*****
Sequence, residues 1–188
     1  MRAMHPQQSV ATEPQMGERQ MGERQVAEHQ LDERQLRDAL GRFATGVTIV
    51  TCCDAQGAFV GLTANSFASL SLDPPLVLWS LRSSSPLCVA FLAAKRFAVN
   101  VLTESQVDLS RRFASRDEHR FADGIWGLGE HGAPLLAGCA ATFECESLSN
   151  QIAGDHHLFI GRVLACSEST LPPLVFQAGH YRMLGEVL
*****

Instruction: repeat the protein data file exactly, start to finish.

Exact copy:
Sequence, residues 1–188
     1  MRAMHPQQSV ATEPQMGERQ MGERQVAEHQ LDERQLRDAL GRFATGVTIV
    51  TCCDAQGAFV GLTANSFASL SLDPPLVLWS LRSSSPLCVA FLAAKRFAVN
   101  VLTESQVDLS RRFASRDEHR FADGIWGLGE HGAPLLAGCA ATFECESLSN
   151  QIAGDHHLFI GRVLACSEST LPPLVFQAGH YRMLGEVL